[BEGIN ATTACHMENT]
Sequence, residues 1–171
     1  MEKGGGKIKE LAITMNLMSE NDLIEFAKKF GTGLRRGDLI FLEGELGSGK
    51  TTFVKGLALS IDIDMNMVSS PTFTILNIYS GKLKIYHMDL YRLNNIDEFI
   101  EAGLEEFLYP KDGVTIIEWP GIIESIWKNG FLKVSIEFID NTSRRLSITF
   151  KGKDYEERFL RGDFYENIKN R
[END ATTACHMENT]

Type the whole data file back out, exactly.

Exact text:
Sequence, residues 1–171
     1  MEKGGGKIKE LAITMNLMSE NDLIEFAKKF GTGLRRGDLI FLEGELGSGK
    51  TTFVKGLALS IDIDMNMVSS PTFTILNIYS GKLKIYHMDL YRLNNIDEFI
   101  EAGLEEFLYP KDGVTIIEWP GIIESIWKNG FLKVSIEFID NTSRRLSITF
   151  KGKDYEERFL RGDFYENIKN R